By Chris Joseph
By Michael E. Miller
By Kyle Swenson
By David Villano
By Kyle Swenson
By John Thomason
By Michele Eve
One of the most interesting aspects of the character development is the use of interior monologues. At various points in the play, each main character's inner thoughts can be heard through speakers. These monologues don't exactly divulge the buried yearnings and repressed disappointment of these young people; rather they give more texture to characters who do not hide their feelings yet are not very articulate. What's amusing is each actor's physical relationship to his or her interior monologue; they all have excellent control of gesture, motion, and physical expression. For example Pierre clutches her hands nervously as she reveals her desire for a more masculine man. Her eyes grow wide, her face flushed. She is the picture of Puritanism. The writers also have managed to make the transitions from interior monologue to spoken work quite comical. As Prudence silently questions her husband's sexual orientation, she suddenly bursts out: "Let's bob for apples!" The interior monologue is just one aspect of Tei's creative and effective use of audio, which ranges from the original Halloween movie theme song playing on the TV to Pete putting on a House of Pain CD before attempting to kick Lucas' ass.
Lines such as "I took a cab so I wouldn't lose my space" and "Honey, don't tell me you forgot to pick up the appetizer trays at Publix" leave no doubt that our philanderers live in South Beach proper. Even disturbing news is disseminated in the most Miami of ways when Sandra exclaims, "I was on the treadmill at Crunch when they announced on TV there's a serial killer on the loose!" The manner of receiving this news is equally South Beachy: "Oh my God," Lisa says as she twists her freshly blow-dried wave of blond hair, "do you wanna beer?" The Miami references are not overdone and in fact add another dimension of parody to what otherwise would be simply a humorous comedy about contemporary relationships. The South Floridaspecific satire makes the piece more interesting, entertaining, and intimate. (Also, the audience is literally sitting in the couple's living room.) Where else would we play spin the cell phone instead of spin the bottle?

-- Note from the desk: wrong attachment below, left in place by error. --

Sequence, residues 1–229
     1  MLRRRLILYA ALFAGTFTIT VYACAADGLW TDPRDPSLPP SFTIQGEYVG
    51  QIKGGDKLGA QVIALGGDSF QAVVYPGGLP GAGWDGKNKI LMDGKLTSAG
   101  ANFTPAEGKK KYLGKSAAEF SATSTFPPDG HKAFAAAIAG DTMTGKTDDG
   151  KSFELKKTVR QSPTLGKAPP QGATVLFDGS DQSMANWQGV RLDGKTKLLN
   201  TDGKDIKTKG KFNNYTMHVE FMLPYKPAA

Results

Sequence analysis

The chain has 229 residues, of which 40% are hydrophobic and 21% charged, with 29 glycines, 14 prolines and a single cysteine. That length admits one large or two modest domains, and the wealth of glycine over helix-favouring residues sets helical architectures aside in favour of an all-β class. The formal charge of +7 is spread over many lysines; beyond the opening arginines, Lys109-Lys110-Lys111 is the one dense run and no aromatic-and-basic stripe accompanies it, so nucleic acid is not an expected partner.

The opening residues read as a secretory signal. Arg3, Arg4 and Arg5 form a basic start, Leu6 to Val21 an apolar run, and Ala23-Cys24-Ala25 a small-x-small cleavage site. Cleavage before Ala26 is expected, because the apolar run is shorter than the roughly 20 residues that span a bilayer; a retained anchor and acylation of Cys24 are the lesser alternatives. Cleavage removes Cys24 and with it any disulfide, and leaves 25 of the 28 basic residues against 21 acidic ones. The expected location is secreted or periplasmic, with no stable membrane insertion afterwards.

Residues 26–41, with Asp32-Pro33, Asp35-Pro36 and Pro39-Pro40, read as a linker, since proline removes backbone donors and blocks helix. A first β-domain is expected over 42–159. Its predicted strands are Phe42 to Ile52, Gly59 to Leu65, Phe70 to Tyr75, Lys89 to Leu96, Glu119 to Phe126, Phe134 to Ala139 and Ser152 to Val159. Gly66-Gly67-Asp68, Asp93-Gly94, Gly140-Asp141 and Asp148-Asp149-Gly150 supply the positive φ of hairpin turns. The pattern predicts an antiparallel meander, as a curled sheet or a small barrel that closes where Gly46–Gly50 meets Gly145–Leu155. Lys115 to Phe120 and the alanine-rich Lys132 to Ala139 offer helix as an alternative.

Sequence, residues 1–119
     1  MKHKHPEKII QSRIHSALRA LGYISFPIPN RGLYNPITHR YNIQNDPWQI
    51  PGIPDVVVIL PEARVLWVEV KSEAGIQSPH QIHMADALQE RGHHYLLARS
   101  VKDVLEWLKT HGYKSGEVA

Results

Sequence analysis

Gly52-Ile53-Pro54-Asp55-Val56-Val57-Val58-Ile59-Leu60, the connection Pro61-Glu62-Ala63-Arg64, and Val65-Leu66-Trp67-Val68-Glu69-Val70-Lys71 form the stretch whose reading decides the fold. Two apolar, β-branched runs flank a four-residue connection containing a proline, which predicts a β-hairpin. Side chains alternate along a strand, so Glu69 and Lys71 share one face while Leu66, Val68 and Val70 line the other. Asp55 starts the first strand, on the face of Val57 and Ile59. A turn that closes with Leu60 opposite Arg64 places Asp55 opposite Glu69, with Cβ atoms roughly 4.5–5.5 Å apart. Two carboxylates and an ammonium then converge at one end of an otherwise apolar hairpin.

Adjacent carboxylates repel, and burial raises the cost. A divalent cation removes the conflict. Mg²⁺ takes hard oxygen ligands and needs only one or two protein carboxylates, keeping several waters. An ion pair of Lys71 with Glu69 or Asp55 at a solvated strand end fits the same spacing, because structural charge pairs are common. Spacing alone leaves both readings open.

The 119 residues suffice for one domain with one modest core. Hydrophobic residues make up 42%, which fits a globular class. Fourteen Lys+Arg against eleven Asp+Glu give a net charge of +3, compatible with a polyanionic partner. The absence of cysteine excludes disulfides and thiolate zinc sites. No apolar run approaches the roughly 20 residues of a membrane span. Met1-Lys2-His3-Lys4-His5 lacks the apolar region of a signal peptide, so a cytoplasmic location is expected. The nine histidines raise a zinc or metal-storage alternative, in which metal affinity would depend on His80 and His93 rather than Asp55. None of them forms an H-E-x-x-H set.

But some aspects do feel false. Michael Vines plays a winning jerk (and when he acts out his aggression in his pig costume, adds both hilarity and absurdity), but someone hold my jack-o-lantern while I suspend my disbelief. Shouldn't the role of Pete be played by a hunkier type if we are sitting in on a SoBe pad? How can this chubby, average-looking guy be the object of not one but two women's affections without even being a club owner or a trust-fund brat?
Without giving away the ending, can you say "overkill"? Playwrights take heed: Follow your instincts, not fads of the moment. The central conflict between Pete and Lisa is abandoned too soon for an easier Hollywood ending. We get yanked from an interesting interpersonal drama and thrown into a slasher movie for no particular dramatic or revealing reason -- a letdown in what was a funny and entertaining evening of theater. But something tells me the next show could easily end on a different note. Mad Cat has an exciting and contagious energy that comes from talented young directors, playwrights, and actors who are working for themselves and their peers. It is a vital and promising experience.